5. Good data is vital to quality analytics and insights.

Koleszar: When millions of dollars are on the line and you’re accountable for the return on investment, data can be your best friend. Conversely, bad data can be a lethal enemy. Making decisions based on bad data can not only hurt your financial performance, but also the credibility of the marketing team.

Werle: Totally agree. As we’ve discussed, good data helps take the guesswork out of decision-making. The more confident you are in your data, the more confident you can be in your marketing strategies. But, beware of bad data. Without accurate and trustworthy information – you are not just flying blind – you are flying with faulty instruments straight toward the ground. The damage from poor quality can be even worse than decision-making without data and can do more harm than good.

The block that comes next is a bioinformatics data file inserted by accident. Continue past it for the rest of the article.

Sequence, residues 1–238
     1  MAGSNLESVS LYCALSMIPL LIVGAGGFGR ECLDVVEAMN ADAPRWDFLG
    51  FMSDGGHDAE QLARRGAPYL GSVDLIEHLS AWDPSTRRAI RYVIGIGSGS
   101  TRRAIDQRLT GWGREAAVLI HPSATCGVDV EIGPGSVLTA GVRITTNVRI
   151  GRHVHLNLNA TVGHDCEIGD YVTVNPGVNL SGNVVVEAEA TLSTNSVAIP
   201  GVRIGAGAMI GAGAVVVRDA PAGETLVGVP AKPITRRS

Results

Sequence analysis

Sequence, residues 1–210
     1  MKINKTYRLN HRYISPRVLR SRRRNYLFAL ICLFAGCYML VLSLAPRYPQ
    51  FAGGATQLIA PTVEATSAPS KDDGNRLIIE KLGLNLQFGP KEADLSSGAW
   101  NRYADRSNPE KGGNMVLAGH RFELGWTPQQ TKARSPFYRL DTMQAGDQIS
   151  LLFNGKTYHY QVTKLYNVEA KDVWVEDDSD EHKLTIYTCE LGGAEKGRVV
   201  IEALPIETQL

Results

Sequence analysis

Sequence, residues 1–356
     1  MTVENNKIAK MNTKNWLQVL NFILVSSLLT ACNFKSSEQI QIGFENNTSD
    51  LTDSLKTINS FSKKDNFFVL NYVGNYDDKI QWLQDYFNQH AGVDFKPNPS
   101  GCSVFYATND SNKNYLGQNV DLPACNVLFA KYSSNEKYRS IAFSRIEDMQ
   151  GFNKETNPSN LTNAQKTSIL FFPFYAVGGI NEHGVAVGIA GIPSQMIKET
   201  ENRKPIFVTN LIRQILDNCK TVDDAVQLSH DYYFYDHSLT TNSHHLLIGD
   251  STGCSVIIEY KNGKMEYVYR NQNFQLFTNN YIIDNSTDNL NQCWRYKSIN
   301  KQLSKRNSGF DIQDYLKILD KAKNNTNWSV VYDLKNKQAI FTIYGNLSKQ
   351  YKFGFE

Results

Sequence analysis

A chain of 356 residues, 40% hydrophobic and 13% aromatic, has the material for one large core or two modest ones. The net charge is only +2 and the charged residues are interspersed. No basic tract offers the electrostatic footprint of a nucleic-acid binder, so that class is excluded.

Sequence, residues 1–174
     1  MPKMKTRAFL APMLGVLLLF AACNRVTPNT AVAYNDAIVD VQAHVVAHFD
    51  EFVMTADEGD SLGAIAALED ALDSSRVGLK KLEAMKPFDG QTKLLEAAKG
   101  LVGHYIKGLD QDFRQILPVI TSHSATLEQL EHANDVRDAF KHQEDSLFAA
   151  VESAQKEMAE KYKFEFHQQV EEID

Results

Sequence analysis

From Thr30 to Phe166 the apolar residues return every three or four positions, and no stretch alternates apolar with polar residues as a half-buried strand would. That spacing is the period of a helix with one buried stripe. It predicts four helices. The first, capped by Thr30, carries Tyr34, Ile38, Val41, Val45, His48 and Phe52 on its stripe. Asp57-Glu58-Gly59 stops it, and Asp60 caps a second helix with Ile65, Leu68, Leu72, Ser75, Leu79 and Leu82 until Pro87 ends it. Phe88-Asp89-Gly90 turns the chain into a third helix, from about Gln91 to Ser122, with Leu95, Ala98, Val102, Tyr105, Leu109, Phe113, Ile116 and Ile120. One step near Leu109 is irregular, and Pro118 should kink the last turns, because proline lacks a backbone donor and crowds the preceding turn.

As the meeting draws to a close, both agree: the space-time universe in which marketers operate is rapidly changing and data and technology will continue to play larger and larger roles in marketer’s decision making.

Werle brings up a recent McKinsey report, The Data Driven Enterprise of 2025, and reads aloud:  “By 2025, smart workflows and seamless interactions among humans and machines will likely be as standard as the corporate balance sheet, and most employees will use data to optimize nearly every aspect of their work.”

Koleszar nods in agreement and offers his last comments:

“It’s remarkable to me how business analytics continues to become more advanced—and therefore an even more strategic instrument for marketing professionals. With the advent of machine learning and AI, marketing leaders must commit to constant learning as there is no finish line and no limit ahead.”